Glyphosate-tolerant perennial ryegrass and Poa annua control

Using glyphosate-tolerant perennial ryegrass to overseed bermudagrass can give superintendents an edge on Poa annua.

Michael L. Flessner and J. Scott McElroy, Ph.D.

Read this story in GCM's digital edition

Two glyphosate-tolerant perennial ryegrass (Lolium perenne) cultivars, JS501 and Replay, have recently been released for commercial use. Once these perennial ryegrasses are mature, glyphosate can be applied to these cultivars for weed control without injury to the turf. These cultivars were produced through conventional plant breeding and are not genetically modified organisms (GMOs).

October 2013 research: Glyphosate photo 1

The research site was at the Auburn University Turfgrass Research and Education Center in Auburn, Ala. This photo was taken on Feb. 22, 2011, during the first year of the study.
Photos by M. Flessner

Managing glyphosate-resistant cultivars 
Research conducted in permanent perennial ryegrass areas has concluded that glyphosate at 0.26 pound acid equivalent (ae)/acre (0.29 kilogram ae/ hectare) is safe to JS501 and Replay and results in over 90% annual bluegrass (Poa annua) control. Glyphosate at 0.52 pound ae/acre resulted in less than 10% injury (2). Other published work (3,4) has also indicated that glyphosate at 0.26 pound ae/ acre is adequate to control annual bluegrass.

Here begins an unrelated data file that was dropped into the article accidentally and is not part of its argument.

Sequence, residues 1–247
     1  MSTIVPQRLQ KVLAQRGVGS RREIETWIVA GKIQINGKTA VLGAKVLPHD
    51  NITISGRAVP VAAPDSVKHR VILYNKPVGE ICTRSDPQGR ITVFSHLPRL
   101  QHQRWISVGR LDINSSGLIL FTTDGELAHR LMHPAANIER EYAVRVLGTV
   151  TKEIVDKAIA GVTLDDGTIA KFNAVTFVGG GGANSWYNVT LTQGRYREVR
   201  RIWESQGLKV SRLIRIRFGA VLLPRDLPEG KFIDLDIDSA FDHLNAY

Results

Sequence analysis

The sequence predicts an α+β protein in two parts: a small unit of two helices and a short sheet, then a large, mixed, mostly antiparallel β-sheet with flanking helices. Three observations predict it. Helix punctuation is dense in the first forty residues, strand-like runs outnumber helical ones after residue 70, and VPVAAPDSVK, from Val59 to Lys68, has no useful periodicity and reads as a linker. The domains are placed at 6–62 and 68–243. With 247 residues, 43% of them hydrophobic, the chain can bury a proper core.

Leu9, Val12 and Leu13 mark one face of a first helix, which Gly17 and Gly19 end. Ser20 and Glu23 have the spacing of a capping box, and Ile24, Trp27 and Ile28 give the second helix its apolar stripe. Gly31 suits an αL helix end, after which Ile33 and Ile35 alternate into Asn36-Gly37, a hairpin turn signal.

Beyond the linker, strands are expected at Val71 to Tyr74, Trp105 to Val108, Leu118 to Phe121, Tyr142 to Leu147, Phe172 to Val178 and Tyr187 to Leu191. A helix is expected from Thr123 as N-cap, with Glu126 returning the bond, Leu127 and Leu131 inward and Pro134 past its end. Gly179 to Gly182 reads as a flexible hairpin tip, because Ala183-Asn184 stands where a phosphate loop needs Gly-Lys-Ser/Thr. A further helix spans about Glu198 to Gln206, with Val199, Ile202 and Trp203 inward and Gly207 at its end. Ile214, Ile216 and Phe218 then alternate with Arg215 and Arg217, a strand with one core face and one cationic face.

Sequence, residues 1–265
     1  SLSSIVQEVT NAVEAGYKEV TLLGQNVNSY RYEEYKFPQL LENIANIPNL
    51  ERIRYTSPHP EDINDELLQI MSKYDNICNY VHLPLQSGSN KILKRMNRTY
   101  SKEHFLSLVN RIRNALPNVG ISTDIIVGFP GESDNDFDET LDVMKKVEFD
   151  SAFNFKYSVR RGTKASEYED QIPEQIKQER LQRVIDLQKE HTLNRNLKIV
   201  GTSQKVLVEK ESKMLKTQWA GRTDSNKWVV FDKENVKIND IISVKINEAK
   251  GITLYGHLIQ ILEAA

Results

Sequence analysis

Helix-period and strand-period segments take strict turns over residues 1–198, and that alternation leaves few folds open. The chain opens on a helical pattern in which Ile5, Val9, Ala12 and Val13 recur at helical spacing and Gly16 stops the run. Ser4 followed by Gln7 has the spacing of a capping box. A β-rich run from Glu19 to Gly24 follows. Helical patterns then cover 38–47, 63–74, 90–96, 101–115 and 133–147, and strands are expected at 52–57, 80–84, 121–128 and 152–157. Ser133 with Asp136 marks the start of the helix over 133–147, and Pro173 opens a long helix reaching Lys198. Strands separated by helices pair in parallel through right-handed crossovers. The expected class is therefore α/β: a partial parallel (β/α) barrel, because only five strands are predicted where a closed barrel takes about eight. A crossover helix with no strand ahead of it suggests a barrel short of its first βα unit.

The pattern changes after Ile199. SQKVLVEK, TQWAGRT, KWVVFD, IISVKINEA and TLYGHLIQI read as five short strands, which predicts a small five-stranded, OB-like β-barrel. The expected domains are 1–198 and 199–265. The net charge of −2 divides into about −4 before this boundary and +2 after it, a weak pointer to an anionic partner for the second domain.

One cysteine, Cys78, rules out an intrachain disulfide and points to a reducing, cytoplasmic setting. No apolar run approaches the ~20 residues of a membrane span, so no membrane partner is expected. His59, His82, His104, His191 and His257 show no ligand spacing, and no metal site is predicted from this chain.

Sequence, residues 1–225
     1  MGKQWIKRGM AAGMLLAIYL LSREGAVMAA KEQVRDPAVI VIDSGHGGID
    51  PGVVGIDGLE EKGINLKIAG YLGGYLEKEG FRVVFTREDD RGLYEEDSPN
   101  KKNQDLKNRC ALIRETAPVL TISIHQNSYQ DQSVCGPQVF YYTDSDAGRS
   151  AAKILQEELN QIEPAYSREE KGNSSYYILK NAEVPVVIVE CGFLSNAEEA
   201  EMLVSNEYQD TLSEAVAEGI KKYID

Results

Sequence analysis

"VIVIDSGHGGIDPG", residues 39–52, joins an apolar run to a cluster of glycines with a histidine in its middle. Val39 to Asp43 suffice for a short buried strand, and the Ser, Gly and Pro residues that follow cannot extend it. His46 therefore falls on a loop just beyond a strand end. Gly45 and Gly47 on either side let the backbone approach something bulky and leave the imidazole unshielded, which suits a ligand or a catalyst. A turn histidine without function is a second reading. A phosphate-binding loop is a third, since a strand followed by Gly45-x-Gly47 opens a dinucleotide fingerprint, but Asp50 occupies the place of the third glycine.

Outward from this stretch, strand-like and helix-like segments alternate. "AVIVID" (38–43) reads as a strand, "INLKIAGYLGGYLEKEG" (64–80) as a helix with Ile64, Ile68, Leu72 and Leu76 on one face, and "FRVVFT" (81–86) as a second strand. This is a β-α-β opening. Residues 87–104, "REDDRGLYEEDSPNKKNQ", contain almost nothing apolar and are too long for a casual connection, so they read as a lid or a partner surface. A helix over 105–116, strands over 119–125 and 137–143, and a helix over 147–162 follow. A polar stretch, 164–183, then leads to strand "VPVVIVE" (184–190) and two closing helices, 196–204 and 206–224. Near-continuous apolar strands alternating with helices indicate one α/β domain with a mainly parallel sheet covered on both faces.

Previous research has also indicated that both JS501 and Replay must be mature before glyphosate application or injury and stand reduction will result. Glyphosate application at rates greater than 0.26 pound ae/acre should not be used three to four weeks after seeding to avoid unacceptable injury and cover reduction (1). In the same study, the researchers found that glyphosate applications greater than 0.13 pound ae/acre should be avoided if the temperature is below 50 F.

Using glyphosate in overseeded bermudagrass 
Since JS501 and Replay must be mature before their glyphosate tolerance is sufficient for weed control without injury, it is not known whether these cultivars can be used for overseeding in bermudagrass. In overseeded bermudagrass, there are three competing interests: perennial ryegrass must be well developed to tolerate glyphosate, bermudagrass must be completely dormant so as not to be injured, and annual bluegrass must be young enough to be controlled with glyphosate. Research was recently conducted at Auburn University to determine the optimal timing and rate of glyphosate application in bermudagrass overseeded with Replay perennial ryegrass for annual bluegrass control.

Materials and methods

Replay (Jacklin Seed) was overseeded into bermudagrass in mid-October in 2010 and 2011 at 800 pounds seed/acre (896.68 kilograms/hectare). Roundup ProMax (glyphosate, Monsanto) was applied the first week of December, January and February for both overseedings.